Images, on behalf of the missing body, occupied the place deserted by the person who had died. A given community felt threatened by the gap caused by the death of one of its members. The dead, as a result, were kept as present and visible in the ranks of the living via their images. But images did not exist by themselves. They, in turn, were in need of an embodiment, which means in need of an agent or a medium resembling a body. This need was met by the invention of visual media, which not only embodied images but resembled living bodies in their own ways.9
In so-called ‘primitive societies’ bodily remnants such as skulls are painted and transformed into objects imbued with magical powers. Animated through cult rituals these artefacts become the means through which the living interact with their ancestors in what the philosopher Jean Baudrillard has called a ‘symbolic exchange of signs’.10 Here, then, the representation of the deceased not only makes present what is absent but takes on a life of its own, serving to structure the beliefs and actions of the living. In contrast, modern societies governed by rational-materialist values treat images not as living entities but as inert objects in the world, in other words, things. Thus while the development of technologies of mechanical and electronic reproduction have created ever more images of death, these images have been stripped of the symbolic value that they once possessed. The result is a media culture in which the religious or spiritual recognition of death is replaced by the deadening effects of images that attempt to disavow or repress mortality. This is one of the principal insights made by the German critic Siegfried Kracauer in his renowned 1927 essay on photography: ‘What the photographs by their sheer accumulation attempt to banish is the recollection of death, which is part and parcel of every memory image. In the illustrated magazines the world has become a photographable present and the photographed present has been entirely eternalised. Seemingly ripped from the clutch of death, in reality it has succumbed to it.’11
If the cult image was once a means to acknowledge the reality of death, the endless barrage of photographic images points to the death of reality. While it can be argued that images of mortality have been progressively emptied of their ontological weight in secular, capitalist societies – a claim that is already countered by the global return of religions – in Lebanon, the convergence of pre- or anti-modern religious practices and contemporary electronic media serves to complicate assumptions about technological progress and the associated ‘disenchantment of the world’.12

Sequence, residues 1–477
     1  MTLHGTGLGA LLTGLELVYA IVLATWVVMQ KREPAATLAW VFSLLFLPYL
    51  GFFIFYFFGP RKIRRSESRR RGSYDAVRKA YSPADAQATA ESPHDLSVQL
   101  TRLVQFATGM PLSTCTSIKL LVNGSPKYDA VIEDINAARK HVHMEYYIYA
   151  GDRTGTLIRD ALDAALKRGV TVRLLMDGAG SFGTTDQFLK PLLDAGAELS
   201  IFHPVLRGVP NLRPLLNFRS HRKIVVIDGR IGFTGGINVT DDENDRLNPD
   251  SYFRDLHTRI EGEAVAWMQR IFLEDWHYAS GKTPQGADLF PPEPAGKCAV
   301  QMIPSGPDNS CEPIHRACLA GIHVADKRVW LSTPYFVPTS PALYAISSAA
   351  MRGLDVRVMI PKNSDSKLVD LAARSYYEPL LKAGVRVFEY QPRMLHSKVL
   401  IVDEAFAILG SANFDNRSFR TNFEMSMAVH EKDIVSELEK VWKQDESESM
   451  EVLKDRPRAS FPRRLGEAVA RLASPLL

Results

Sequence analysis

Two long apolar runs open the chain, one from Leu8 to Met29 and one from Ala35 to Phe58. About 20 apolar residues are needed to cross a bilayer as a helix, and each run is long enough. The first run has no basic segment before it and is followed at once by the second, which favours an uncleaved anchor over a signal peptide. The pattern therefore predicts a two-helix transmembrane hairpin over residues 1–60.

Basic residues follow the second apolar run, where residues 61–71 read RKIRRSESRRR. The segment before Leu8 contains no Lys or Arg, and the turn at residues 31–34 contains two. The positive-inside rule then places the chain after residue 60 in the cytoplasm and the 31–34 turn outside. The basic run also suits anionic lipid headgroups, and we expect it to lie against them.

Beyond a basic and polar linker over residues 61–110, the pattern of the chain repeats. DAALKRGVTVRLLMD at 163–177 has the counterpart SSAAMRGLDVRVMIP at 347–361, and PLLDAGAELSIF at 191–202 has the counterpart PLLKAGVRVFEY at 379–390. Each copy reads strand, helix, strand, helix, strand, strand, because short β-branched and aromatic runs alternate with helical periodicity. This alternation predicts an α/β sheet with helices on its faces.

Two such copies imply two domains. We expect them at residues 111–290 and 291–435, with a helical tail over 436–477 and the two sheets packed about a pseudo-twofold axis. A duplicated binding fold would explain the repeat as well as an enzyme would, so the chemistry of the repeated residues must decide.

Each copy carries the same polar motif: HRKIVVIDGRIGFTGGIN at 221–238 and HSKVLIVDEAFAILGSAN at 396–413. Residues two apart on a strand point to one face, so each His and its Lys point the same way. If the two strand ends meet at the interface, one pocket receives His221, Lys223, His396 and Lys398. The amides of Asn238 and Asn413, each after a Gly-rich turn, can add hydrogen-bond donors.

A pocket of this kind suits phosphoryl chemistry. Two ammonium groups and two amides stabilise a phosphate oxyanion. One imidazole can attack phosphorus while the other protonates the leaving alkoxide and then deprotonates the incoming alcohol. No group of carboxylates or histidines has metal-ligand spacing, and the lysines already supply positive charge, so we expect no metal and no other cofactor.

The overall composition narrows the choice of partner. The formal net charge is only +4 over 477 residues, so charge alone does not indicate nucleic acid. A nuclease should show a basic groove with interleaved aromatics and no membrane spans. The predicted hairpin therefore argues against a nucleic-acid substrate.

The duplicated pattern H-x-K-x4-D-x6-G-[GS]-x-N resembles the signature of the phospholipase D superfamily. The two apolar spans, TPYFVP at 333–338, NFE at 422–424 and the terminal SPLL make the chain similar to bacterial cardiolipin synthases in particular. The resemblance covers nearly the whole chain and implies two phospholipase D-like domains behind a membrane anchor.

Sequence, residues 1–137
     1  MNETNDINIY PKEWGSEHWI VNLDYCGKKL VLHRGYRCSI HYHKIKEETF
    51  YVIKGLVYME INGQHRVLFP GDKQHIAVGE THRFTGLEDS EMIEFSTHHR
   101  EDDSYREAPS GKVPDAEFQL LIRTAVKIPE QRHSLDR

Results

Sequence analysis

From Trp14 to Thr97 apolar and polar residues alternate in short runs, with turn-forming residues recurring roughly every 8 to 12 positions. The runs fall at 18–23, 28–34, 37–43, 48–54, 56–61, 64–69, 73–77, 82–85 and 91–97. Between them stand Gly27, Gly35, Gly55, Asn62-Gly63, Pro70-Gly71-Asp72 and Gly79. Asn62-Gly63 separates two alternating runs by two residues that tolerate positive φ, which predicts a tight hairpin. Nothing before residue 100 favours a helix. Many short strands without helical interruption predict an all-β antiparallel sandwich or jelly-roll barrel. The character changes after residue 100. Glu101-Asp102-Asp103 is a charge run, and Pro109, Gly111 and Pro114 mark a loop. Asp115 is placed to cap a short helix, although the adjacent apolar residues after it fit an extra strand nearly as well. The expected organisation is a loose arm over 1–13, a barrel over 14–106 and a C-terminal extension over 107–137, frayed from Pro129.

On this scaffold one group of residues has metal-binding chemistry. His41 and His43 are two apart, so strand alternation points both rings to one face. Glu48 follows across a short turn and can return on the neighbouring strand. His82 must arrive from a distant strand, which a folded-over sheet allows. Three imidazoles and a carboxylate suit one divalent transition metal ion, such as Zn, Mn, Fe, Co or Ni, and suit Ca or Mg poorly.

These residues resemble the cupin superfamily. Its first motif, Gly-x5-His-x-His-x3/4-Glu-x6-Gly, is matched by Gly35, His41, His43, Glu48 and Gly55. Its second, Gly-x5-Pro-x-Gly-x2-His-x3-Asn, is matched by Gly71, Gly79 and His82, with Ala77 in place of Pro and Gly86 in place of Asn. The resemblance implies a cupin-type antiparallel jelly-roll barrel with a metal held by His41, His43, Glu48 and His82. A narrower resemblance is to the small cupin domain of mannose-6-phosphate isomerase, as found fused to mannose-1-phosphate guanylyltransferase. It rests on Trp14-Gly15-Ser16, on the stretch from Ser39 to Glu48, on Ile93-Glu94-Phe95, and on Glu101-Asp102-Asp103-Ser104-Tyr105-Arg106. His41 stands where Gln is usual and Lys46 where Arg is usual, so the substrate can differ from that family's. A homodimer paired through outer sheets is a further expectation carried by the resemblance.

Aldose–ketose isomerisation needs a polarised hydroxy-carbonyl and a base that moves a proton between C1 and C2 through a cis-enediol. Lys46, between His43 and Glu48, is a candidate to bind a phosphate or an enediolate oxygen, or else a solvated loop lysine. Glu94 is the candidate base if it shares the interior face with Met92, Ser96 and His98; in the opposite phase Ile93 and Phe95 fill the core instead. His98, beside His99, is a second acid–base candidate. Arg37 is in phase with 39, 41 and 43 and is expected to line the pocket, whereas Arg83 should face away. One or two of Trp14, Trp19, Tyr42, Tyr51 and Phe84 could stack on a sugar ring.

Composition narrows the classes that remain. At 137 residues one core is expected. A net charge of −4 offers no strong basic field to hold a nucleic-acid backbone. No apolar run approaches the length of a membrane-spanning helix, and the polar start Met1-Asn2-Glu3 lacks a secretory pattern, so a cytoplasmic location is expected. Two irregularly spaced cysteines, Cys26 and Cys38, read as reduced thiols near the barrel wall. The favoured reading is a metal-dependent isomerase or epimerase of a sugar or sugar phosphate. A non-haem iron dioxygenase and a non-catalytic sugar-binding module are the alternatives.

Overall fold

In On Three Posters this contradiction centred on the use of video as a medium of martyrdom. What does it mean to utter the words ‘I am the martyr Jamal al-Sati’ if, as the Lebanese artist and writer Jalal Toufic points out, such a statement ‘can only issue from someone who not only is unaware that he or she is already dead even as he or she lives, but also wants to extend his or her life even into death?’13
Mroué’s video performance in Three Posters, in which he acted as a resistance fighter recording his video testimony, played on the audience’s belief that what they were watching belonged not to the present but to the recent past. As opposed to the present tense of theatre and live television, Mroué’s apparently pre-recorded testimony seemingly affirms the past tense of video. The paradoxical statement ‘I am the martyr’ with which Mroué began the three recorded versions of his testimony served to underline the fact that he was already dead. Accordingly, in On Three Posters, he likened the temporality of video to the ‘that-has-been’ of photography:
Because we have been conditioned to believe that a video is a recording of a moment in the past, a dead moment, the medium represents the recovery of such moments – moments that by definition have already passed. This is exactly what used to happen: one day, suddenly, we would see the poster of a friend hung on the walls of Beirut, or a photograph or video on the TV announcing his or her death. The redundancy, created in the performance, helped the audience accept this idea.14
Three Posters threw into question the status of video as an indubitable record or documentation of immanent death. The hesitations that mark al-Sati’s speech are not the signs of a bad actor striving to create the most ideal image of himself before his imminent death. Instead, what they point to is al-Sati’s desire ‘both to defer death and to withdraw from life in a society where the desire to live is considered a shameful betrayal of the State, the Nation, and the Homeland’.15 In the period spanning the recording of the video and the completion of his mission, al-Sati occupied a liminal space between two deaths, that is, between his symbolic death on video and his physical death.
If, as critical theorist and philosopher Samuel Weber suggests, the ability to ‘reproduce and perhaps redeem the living’ has always been central to the power of theatre, in television and other forms of digital media the live image frequently only serves to underscore the ghostly nature of the screen.16 Very often what these media show are not living persons but persons brought back to life. This question of re-animation takes on an explicitly political dimension in Mroué’s performances dealing with the contemporary images of death in Lebanon.